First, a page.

Is BlackBerry fighting a lost battle?
As BlackBerry makes a flailing attempt to revive its lost position through BBM on Android and iOS, exchange4media takes a look at whether this strategy will suffice
BlackBerry unveiled its BBM messenger services for iOS and Android platforms in an attempt to recapture the slipping market position globally. The application is expected to stir up the lost BlackBerry fervor by grabbing a share in the mobile messenger pie. The mobile company began to lose out on its consumer due to strong competition from Android and iOS in the touch screen market, where BlackBerry failed to leave a mark.
Black clouds looming over BlackBerry
The once mobile giant has not been in one of its rosiest periods from the last few years. After losing out considerably to Android and iPhone, BlackBerry made a desperate comeback attempt with the launch of its Z30 smart phone. It also tried to shake up the Asia market with BlackBerry 9720, which did not run on BB10 OS but on its older version – BB 7.1. Nonetheless, both its attempts received more or less a lukewarm reaction in the markets.
The Wall Street Journal reported that BlackBerry plans to reduce its headcount by 40 per cent. Reportedly, the mobile maker wrote of an inventory of USD one billion unsold touch screen phones which have proven to be one of the biggest liabilities at this point.
Followed by the news, BlackBerry shares witnessed a 17 per cent dip to close at USD 8.72 on Friday.
Can BlackBerry Messenger revive its lost position?
According to statistics, share of BlackBerry in the Indian mobile market fell from 12.3 per cent in 2012 to 1.2 per cent. The lead was retained by Korean handset manufacturer Samsung with 32.7 per cent share in the mobile market. Following Samsung is Micromax with 19 per cent and Karbonn Mobiles with 11 per cent.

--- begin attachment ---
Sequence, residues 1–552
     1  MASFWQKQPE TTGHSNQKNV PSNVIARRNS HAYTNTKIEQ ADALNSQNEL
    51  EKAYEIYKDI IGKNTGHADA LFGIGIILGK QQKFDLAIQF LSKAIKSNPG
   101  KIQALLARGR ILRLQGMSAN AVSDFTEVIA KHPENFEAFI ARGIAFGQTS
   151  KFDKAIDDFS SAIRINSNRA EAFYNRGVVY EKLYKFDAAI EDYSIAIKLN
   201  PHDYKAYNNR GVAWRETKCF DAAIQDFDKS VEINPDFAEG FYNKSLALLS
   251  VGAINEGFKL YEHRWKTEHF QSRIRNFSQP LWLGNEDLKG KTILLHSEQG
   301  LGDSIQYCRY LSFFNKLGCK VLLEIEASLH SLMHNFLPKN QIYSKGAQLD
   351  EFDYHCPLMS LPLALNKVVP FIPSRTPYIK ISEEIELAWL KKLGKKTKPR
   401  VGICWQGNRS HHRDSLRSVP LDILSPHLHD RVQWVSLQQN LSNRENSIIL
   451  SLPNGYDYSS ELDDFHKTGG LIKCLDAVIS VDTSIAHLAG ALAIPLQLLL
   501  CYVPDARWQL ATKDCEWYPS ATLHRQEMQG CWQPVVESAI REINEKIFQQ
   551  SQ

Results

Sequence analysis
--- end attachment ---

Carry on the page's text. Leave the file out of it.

Thus, even if BlackBerry Messenger picks up on Android and iOS platforms, it is very unlikely to translate into success for BlackBerry mobile handsets. Even if one tries to look at it from a brand recall point of view, it is necessary that the messenger picks up in the jam packed chat messenger market.
Currently mobile chat messenger industry is dominated by WhatApp, which boasts of almost 250 million active users. Followed by WhatsApp is China based WeChat, which has almost 195 million active users. The rest of the economy constitutes of applications such as Line, Hike, Nimbuzz and Viber, not to mention age old messenger services for computers (which can be easily downloaded on smartphones now) including Yahoo Messenger and Skype.
In such a cluttered space, BBM is not expected to create miracles that BlackBerry has been expecting for quite some time now. BBM will offer services such as chatting, data sharing, group chats and social elements such as status updates and profile pictures – festures that are available on every mobile chat messenger.
A major flaw that one could point out in BlackBerry’s revival strategy is that it is not banking on what was once its major strength – emails. BlackBerry models were known for their convenient email services, which was somewhere lost in their touch screen models. If the mobile manufacturer manages to leverage this element, it could bank on certain revival.
Amidst all the frenzy in the mobile handset economy, BlackBerry is not only looking at revival of its market position, but also struggling for survival as an independent handset manufacturer. After the fate of Motorola Mobility and Nokia, one can only hope that BlackBerry takes the right steps at the right time.
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